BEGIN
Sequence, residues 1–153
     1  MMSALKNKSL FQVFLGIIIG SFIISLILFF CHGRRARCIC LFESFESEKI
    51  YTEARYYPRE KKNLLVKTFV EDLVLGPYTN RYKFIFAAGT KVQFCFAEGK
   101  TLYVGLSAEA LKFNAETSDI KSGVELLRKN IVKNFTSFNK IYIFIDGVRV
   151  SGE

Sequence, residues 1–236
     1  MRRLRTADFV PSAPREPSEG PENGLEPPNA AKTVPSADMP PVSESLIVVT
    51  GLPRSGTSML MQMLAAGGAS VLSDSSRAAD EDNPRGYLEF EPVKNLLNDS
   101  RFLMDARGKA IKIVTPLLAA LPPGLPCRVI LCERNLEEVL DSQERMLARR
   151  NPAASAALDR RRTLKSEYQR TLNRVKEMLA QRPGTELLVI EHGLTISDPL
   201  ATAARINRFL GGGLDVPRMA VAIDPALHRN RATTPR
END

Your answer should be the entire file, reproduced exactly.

Sequence, residues 1–153
     1  MMSALKNKSL FQVFLGIIIG SFIISLILFF CHGRRARCIC LFESFESEKI
    51  YTEARYYPRE KKNLLVKTFV EDLVLGPYTN RYKFIFAAGT KVQFCFAEGK
   101  TLYVGLSAEA LKFNAETSDI KSGVELLRKN IVKNFTSFNK IYIFIDGVRV
   151  SGE

Sequence, residues 1–236
     1  MRRLRTADFV PSAPREPSEG PENGLEPPNA AKTVPSADMP PVSESLIVVT
    51  GLPRSGTSML MQMLAAGGAS VLSDSSRAAD EDNPRGYLEF EPVKNLLNDS
   101  RFLMDARGKA IKIVTPLLAA LPPGLPCRVI LCERNLEEVL DSQERMLARR
   151  NPAASAALDR RRTLKSEYQR TLNRVKEMLA QRPGTELLVI EHGLTISDPL
   201  ATAARINRFL GGGLDVPRMA VAIDPALHRN RATTPR